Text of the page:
Cloud images and uvtool

Introduction

With Ubuntu being one of the most used operating systems on many cloud platforms, the availability of stable and secure cloud images has become very important. As of 12.04 the utilization of cloud images outside of a cloud infrastructure has been improved. It is now possible to use those images to create a virtual machine without the need of a complete installation.

Creating virtual machines using uvtool

Starting with 14.04 LTS, a tool called uvtool greatly facilitates the task of generating virtual machines (VM) using the cloud images. uvtool provides a simple mechanism to synchronize cloud-images locally and use them to create new VMs in minutes.

Uvtool packages

The following packages and their dependencies will be required in order to use uvtool:

  • uvtool

  • uvtool-libvirt

To install uvtool, run:

$ sudo apt -y install uvtool

This will install uvtool’s main commands:

  • uvt-simplestreams-libvirt

  • uvt-kvm

Get the Ubuntu Cloud Image with uvt-simplestreams-libvirt

This is one of the major simplifications that uvtool brings. It is aware of where to find the cloud images so only one command is required to get a new cloud image. For instance, if you want to synchronize all cloud images for the amd64 architecture, the uvtool command would be:

$ uvt-simplestreams-libvirt --verbose sync arch=amd64

After an amount of time required to download all the images from the Internet, you will have a complete set of cloud images stored locally. To see what has been downloaded use the following command:

$ uvt-simplestreams-libvirt query
release=bionic arch=amd64 label=daily (20191107)
release=focal arch=amd64 label=daily (20191029)
...

In the case where you want to synchronize only one specific cloud-image, you need to use the release= and arch= filters to identify which image needs to be synchronized.

$ uvt-simplestreams-libvirt sync release=DISTRO-SHORT-CODENAME arch=amd64

Furthermore you can provide an alternative URL to fetch images from. A common case are the daily images which helps to get the very latest images or if you need access to the not yet released development release of Ubuntu.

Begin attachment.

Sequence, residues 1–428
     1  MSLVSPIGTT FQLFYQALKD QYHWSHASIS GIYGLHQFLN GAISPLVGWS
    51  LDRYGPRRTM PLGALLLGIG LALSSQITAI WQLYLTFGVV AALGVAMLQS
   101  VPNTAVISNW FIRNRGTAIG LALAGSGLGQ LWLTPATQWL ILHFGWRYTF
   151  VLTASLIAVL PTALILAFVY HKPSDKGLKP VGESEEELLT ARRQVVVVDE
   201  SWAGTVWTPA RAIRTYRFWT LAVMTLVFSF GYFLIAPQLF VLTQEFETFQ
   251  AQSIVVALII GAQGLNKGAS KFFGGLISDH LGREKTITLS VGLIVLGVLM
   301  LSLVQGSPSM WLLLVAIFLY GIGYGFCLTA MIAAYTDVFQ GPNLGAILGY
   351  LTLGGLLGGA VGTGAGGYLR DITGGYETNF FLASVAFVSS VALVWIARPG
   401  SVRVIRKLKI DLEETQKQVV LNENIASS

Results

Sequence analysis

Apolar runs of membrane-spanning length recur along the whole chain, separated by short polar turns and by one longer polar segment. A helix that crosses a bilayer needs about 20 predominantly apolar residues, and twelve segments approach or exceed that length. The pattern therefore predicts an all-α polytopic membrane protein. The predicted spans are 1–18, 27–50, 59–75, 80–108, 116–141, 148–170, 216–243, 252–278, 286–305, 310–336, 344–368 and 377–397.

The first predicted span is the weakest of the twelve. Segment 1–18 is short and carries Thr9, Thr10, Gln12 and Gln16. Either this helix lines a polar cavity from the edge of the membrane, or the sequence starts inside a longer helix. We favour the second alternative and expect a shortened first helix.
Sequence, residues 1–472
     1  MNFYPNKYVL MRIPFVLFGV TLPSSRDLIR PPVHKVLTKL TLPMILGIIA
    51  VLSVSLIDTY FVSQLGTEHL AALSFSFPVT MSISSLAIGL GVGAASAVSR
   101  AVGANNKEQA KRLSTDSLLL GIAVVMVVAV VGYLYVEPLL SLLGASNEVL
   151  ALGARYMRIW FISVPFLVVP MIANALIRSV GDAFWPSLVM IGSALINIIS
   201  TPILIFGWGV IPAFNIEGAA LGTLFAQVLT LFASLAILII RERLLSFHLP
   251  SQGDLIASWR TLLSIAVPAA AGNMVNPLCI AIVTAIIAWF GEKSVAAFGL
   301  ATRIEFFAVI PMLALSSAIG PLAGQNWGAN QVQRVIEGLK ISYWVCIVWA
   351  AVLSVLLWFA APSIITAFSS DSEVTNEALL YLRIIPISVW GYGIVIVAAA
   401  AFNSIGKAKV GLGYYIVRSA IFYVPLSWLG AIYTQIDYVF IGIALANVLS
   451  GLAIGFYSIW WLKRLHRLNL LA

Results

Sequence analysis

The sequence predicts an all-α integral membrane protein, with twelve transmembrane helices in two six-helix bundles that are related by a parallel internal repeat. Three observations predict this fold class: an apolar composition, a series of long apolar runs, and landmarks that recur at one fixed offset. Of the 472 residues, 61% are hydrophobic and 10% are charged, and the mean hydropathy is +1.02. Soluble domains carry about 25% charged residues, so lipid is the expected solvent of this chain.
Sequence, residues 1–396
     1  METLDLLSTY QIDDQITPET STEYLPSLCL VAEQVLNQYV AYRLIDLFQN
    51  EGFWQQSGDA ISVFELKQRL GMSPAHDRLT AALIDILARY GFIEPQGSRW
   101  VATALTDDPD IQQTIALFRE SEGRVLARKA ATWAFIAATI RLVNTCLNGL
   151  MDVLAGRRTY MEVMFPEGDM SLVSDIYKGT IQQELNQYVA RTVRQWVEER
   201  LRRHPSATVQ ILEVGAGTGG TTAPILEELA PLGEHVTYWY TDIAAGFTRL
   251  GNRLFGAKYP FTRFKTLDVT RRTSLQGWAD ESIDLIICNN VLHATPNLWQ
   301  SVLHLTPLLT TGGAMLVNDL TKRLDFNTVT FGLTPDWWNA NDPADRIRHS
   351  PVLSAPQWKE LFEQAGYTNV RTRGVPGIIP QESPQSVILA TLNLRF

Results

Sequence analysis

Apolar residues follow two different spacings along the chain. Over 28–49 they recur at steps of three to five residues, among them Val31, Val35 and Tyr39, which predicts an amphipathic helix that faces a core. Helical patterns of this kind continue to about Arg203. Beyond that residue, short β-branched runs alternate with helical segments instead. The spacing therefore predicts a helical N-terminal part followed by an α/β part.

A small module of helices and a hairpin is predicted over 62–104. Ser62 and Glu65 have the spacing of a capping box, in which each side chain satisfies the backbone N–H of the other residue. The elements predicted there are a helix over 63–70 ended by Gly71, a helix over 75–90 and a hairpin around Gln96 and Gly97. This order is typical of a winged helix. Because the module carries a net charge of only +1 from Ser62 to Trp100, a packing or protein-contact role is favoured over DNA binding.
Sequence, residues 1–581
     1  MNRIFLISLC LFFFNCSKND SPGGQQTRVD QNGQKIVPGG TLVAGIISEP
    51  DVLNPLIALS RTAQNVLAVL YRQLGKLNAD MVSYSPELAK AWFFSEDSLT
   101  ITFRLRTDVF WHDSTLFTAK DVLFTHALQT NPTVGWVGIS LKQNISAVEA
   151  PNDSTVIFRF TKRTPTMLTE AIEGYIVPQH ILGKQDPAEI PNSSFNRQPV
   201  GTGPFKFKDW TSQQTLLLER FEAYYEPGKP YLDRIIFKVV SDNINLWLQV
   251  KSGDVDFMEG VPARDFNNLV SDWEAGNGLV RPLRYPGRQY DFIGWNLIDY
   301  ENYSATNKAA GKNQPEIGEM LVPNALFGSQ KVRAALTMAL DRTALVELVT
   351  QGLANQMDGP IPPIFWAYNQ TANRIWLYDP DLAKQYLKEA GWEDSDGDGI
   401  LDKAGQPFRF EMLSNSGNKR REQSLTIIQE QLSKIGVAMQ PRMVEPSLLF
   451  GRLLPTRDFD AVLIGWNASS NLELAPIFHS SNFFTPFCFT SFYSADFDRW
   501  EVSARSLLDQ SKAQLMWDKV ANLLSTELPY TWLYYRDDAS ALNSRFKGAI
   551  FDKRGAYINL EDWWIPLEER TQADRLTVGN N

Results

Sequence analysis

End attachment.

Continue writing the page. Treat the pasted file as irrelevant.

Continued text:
$ uvt-simplestreams-libvirt sync --source http://cloud-images.ubuntu.com/daily [... further options]

Create the VM using uvt-kvm

In order to connect to the virtual machine once it has been created, you must have a valid SSH key available for the Ubuntu user. If your environment does not have an SSH key, you can easily create one using the following command:

$ ssh-keygen
Generating public/private rsa key pair.
Enter file in which to save the key (/home/ubuntu/.ssh/id_rsa): 
Enter passphrase (empty for no passphrase): 
Enter same passphrase again: 
Your identification has been saved in /home/ubuntu/.ssh/id_rsa.
Your public key has been saved in /home/ubuntu/.ssh/id_rsa.pub.
The key fingerprint is:
4d:ba:5d:57:c9:49:ef:b5:ab:71:14:56:6e:2b:ad:9b ubuntu@DISTRO-SHORT-CODENAMES
The key's randomart image is:
+--[ RSA 2048]----+
|               ..|
|              o.=|
|          .    **|
|         +    o+=|
|        S . ...=.|
|         o . .+ .|
|        . .  o o |
|              *  |
|             E   |
+-----------------+

To create of a new virtual machine using uvtool, run the following in a terminal:

$ uvt-kvm create firsttest

This will create a VM named firsttest using the current LTS cloud image available locally. If you want to specify a release to be used to create the VM, you need to use the release= filter:

$ uvt-kvm create secondtest release=DISTRO-SHORT-CODENAME

uvt-kvm wait can be used to wait until the creation of the VM has completed:

$ uvt-kvm wait secondttest

Connect to the running VM

Once the virtual machine creation is completed, you can connect to it using SSH:

$ uvt-kvm ssh secondtest

You can also connect to your VM using a regular SSH session using the IP address of the VM. The address can be queried using the following command:

$ uvt-kvm ip secondtest
192.168.122.199
$ ssh -i ~/.ssh/id_rsa ubuntu@192.168.122.199
[...]
To run a command as administrator (user "root"), use "sudo <command>".
See "man sudo_root" for details.

ubuntu@secondtest:~$ 

Get the list of running VMs

You can get the list of VMs running on your system with this command:

$ uvt-kvm list
secondtest

Destroy your VM

Once you are done with your VM, you can destroy it with:

$ uvt-kvm destroy secondtest

Note: other than libvirts destroy action this will by default also remove the associated virtual storage files.

More uvt-kvm options

The following options can be used to change some of the characteristics of the VM that you are creating:

  • –memory : Amount of RAM in megabytes. Default: 512.

  • –disk : Size of the OS disk in gigabytes. Default: 8.

  • –cpu : Number of CPU cores. Default: 1.

Some other parameters will have an impact on the cloud-init configuration:

  • –password password : Allow login to the VM using the Ubuntu account and this provided password.

  • –run-script-once script_file : Run script_file as root on the VM the first time it is booted, but never again.

  • –packages package_list : Install the comma-separated packages specified in package_list on first boot.

A complete description of all available modifiers is available in the manpage of uvt-kvm.

Resources

If you are interested in learning more, have questions or suggestions, please contact the Ubuntu Server Team at:

Last updated 25 days ago. Help improve this document in the forum.